By now I’m sure many of you have read/seen the Gamasutra top 12 games of the decade piece, which has World of Warcraft at #1. The whole piece is a nice look back at many of the big games in the last ten years, and I agree that WoW should be placed at the top.
To me, WoW is to the MMO genre as Final Fantasy 7 was to the RPG genre back in the 90s. Both games opened their genre up to the ‘mass market’ by not just being great games, but also in part by NOT following what everyone else was doing in the genre at the time.
For FF7, that including top-shelf graphics in a genre that is usually a few years behind in that area, and a story told more like a blockbuster summer movie than something written by Tolkien. It was also (for that time) more streamlined and ‘accessible’, with only the optional bosses requiring extra work and in-depth knowledge of game mechanics and secrets. For many FF7 was their first RPG, and they would go on to look for similar qualities (movie-like story, fancy graphics, quick progression) in future purchases.
Most know what WoW did to the MMO genre in terms of solo play, hardware requirements, and bringing a release-ready product to a genre accustomed to playing paid beta for months. Like FF7 before it, WoW is the first MMO for many, and those first-timers go into future games expecting similar qualities (plus the added ‘problem’ of the first-MMO love syndrome that is impossible to reproduce).
Much like after FF7 ‘old school’ RPGs became a niche in the RPG genre, today ‘old school’ MMOs like DarkFall and Fallen Earth are the niche games in the MMO genre, while big budget, ‘accessible’ MMOs are in the mainstream. It will be interesting to see if this trend continues into this decade, or whether WoW remains the exception to the rule and too many costly failures turn the big bucks away and leave the space to the little guys.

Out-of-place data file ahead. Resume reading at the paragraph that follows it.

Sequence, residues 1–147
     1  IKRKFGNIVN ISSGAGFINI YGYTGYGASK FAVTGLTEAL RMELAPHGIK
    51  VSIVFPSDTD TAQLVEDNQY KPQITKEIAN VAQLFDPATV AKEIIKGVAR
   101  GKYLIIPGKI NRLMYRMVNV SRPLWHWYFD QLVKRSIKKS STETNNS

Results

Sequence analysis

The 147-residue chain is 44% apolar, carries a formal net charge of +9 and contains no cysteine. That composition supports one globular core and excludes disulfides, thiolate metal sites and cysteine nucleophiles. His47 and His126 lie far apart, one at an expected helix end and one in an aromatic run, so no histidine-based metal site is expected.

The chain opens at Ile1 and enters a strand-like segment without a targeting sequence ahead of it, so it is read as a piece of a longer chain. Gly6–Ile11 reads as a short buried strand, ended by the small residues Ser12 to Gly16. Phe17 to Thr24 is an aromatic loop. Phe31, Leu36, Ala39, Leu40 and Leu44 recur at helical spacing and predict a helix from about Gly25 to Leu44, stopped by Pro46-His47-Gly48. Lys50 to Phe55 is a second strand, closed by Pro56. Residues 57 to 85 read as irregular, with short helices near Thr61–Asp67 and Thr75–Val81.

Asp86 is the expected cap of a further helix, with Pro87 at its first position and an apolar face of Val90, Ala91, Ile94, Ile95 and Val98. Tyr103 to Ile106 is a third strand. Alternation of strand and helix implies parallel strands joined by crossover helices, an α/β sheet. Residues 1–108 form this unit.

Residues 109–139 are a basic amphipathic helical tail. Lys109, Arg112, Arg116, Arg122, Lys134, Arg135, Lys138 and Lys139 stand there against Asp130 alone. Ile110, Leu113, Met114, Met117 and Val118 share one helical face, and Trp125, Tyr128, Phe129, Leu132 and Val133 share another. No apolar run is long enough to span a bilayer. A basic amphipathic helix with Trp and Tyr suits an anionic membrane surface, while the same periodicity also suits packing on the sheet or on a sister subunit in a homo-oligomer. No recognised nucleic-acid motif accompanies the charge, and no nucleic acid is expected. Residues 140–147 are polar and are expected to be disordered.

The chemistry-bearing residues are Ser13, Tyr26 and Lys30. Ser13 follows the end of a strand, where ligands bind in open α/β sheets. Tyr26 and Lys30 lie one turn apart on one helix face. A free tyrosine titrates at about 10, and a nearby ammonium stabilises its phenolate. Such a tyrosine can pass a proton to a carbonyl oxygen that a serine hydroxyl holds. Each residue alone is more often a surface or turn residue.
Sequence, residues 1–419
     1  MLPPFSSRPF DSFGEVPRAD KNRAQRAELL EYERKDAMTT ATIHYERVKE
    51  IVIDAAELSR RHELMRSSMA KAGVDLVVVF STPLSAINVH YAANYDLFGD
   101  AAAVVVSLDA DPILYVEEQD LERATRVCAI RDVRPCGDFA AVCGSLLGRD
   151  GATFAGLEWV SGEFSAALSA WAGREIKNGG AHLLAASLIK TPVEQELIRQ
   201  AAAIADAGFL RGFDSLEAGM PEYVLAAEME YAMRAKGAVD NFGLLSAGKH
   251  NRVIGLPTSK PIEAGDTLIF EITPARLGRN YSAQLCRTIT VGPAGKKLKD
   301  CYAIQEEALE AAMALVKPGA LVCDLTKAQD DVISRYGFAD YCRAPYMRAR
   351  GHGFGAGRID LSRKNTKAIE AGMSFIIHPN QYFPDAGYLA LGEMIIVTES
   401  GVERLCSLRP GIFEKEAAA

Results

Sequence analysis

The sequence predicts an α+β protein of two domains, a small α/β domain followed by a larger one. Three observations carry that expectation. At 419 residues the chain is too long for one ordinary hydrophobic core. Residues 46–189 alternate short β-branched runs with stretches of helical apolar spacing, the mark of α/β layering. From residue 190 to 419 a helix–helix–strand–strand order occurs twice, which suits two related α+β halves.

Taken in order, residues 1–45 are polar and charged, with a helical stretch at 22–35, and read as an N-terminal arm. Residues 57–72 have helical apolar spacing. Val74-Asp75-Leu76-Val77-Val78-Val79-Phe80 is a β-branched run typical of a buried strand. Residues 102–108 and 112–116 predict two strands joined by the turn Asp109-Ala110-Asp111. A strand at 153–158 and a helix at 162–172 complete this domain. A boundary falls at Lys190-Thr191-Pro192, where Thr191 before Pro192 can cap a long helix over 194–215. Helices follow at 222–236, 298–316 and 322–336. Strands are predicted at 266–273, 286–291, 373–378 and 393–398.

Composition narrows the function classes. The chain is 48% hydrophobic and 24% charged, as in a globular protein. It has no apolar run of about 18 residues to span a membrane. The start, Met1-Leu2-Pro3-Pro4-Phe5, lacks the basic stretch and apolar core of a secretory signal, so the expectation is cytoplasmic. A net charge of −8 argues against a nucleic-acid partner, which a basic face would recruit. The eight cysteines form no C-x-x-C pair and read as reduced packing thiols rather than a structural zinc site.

Well I hope the MMO market is large enough at this point to accommodate both the big budget “Final Fantasy” titles and the smaller, “Demon Souls” games as well. At least in terms of raw subscriber numbers, “niche” titles like Fallen Earth, Darkfall, or to some extent EVE, can thrive even as their subscriber bases shrink as a percentage of the overall market. Darkfall is only niche in virtue of the millions who play and have played games like WoW, millions who if not for WoW would never have touched any MMO. If the Final Fantasies and Dragon Quests of the MMO genre make it possible that more old-school games like Darkfall or Fallen Earth can exist simultaneously – and I think they do – then even people who prefer such niche titles ought to thank these more mainstream games for increasing the potential subscriber base.
If MMOs are anything like RPGs in general though, I doubt we’ll see the big budget titles fading any time soon. What seems to have been the trend over the last five years is that more and more midrange titles have failed as the market bifurcates between triple-A, expensive productions and cheaper niche titles primarily for portable systems. This is only exacerbated by the increasing costs to produce current gen art assets; and when the measure of triple-A MMOs, World of Warcraft, has so much developer produced content, your only options are to go big (AoC, WAR, SWTOR?) or be smart about budgets and do something like Darkfall or Fallen Earth. I think the real victims of this environment in the next decade will be games like LotrO, middle of the road games whose potential subscriber bases don’t justify the budgets needed to produce them.
Surprisingly genuine assessment of WoW…
Although, I personally predict that within the next decade we will REALLY find out what a mass market MMO looks like when someone launches a successful MMO on Facebook or one of the other social networking sites.